The bravery of the men and women of Fort Drum serving overseas can often be overlooked, but Friday, the Army made certain to single out 18 members of Drum's 10th Combat Aviation Brigade who went above and beyond to help fellow soldiers. As Our Brian Dwyer reports, one soldier was given a very prestigious honor.
FORT DRUM, N.Y. -- Seventeen soldiers who are all pilots and/or medics with the 10th Combat Aviation Brigade were all credited with exceptional courage and bravery during their latest deployment to Afghanistan. They were all honored Friday, awarded the Air Medal with Valor.
"They recognize they're the one wearing the medal, but also recognize that goes behind that cloth," Major General Mark Milley, Fort Drum's Commanding General said. "They recognize the blood, the sweat, the tears, the sacrifice, the family pain back home. They recognize, fully comprehend and understand the meaning behind that medal."
And there was one soldier in particular, whose heroic actions stood out. Staff Sergeant Brian Cammack was awarded the Distinguished Flying Cross. It's the sixth highest Army decoration there is.
During Operation Strong Eagle in March of 2011, under extreme enemy fire that killed six soldiers, Cammack repelled down from a hovering chopper to rescue critically injured soldiers. He then stayed on the ground for another hour providing care. In all, he was able to rescue six soldiers and retrieve the bodies of three of those killed during the fight.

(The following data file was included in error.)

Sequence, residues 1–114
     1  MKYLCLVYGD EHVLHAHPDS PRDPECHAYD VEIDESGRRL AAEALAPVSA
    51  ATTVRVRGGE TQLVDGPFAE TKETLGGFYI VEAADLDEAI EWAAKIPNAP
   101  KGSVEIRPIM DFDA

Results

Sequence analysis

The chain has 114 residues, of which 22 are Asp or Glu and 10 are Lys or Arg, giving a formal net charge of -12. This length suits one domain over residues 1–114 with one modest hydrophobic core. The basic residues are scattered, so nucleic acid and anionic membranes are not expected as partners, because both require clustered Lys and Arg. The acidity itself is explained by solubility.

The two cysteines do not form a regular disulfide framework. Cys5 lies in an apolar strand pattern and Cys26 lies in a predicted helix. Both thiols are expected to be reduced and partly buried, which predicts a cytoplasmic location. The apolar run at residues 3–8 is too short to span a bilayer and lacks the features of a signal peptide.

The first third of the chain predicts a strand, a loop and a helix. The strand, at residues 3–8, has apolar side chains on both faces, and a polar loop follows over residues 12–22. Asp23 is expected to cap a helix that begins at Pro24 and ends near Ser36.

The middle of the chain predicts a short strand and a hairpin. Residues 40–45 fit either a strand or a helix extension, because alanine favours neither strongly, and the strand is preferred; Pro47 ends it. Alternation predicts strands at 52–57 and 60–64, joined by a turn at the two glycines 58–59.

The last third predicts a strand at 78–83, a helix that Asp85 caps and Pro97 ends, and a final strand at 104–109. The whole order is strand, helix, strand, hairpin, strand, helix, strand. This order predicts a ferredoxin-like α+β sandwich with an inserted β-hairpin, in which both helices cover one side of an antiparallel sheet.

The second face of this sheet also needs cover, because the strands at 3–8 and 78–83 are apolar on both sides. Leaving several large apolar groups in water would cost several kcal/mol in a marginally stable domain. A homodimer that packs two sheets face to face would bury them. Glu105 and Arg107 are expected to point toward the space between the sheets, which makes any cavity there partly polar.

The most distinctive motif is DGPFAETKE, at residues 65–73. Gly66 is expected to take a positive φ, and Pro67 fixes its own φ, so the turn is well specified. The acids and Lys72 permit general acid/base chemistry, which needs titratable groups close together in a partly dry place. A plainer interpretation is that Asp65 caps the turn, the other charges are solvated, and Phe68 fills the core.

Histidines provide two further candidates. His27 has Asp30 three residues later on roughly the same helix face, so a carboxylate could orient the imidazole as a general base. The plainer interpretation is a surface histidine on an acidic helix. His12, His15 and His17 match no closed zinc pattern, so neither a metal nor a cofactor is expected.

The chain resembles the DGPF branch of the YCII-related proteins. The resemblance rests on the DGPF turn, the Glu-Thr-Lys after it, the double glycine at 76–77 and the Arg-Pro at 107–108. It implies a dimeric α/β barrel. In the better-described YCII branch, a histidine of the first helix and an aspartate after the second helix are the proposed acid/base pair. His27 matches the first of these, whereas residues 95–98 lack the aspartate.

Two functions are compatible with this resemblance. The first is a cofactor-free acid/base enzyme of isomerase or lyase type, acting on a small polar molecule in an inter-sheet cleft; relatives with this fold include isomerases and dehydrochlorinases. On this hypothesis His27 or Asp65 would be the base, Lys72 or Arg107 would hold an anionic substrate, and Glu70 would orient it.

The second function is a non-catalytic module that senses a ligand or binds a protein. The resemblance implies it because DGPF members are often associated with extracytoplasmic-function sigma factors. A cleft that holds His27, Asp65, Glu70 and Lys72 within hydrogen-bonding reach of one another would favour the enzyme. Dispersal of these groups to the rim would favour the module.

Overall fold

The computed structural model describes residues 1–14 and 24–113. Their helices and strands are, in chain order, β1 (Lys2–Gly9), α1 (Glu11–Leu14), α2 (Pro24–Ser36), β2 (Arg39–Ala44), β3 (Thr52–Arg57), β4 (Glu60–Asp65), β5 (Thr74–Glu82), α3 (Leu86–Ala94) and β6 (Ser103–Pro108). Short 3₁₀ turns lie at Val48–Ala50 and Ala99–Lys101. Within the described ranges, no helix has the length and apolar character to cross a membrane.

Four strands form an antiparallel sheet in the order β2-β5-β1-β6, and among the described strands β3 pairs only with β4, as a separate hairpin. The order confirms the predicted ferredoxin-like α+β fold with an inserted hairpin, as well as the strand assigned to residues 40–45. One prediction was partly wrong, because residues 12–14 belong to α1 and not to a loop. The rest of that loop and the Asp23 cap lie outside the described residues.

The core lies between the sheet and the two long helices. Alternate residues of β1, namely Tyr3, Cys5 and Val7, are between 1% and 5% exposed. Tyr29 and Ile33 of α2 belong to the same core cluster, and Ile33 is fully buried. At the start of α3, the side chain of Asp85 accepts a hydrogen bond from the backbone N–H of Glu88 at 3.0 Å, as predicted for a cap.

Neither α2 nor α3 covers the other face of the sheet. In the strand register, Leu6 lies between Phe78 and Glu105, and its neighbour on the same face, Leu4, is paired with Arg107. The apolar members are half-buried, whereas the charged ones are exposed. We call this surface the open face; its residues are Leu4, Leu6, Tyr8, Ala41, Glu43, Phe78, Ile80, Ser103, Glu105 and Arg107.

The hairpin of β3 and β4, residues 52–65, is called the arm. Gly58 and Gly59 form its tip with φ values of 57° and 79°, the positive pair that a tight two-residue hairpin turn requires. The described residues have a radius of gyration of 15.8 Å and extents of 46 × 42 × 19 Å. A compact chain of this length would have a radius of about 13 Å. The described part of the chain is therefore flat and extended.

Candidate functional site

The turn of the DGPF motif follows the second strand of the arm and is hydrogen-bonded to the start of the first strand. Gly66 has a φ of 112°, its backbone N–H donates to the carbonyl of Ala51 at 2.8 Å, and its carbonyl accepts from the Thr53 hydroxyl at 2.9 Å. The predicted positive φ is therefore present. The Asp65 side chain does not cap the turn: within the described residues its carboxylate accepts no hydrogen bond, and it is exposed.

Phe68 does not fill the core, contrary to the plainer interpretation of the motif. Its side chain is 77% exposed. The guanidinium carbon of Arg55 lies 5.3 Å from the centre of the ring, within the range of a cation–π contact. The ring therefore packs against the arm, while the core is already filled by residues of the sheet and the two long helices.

"Absolutely instinct," SSG Cammack said. "We train so much here that when it comes to it during the heat of the moment, it's just muscle memory and everything clicks. Honestly, we didn't even know it was going to be a hoist moment."
But what Cammack calls instinct, most call heroic. Including the brigade commander.
"It is extremely difficult to capture the character and the ability and the drive and motivation that is required of all our of our soldiers who do that," Col. Pedro Almeida said. "Staff Sgt. Cammack is one of the best. He simply exemplifies that."
"The Colonel and the General had amazing things to say, but I'm still humbled because six soldiers lost their lives that day because of the enemy contact. Like I said, I'm humbled. I'm proud, but I'd definitely give it back if even one of those soldiers could come back," SSG Cammack added.
It's a statement echoed by each and every medal recipient.
As a member of the Army Reserve Corps, Charles Lindbergh was the first person to ever receive the Distinguished Flying Cross. He got it for his solo flight across the Atlantic in 1927.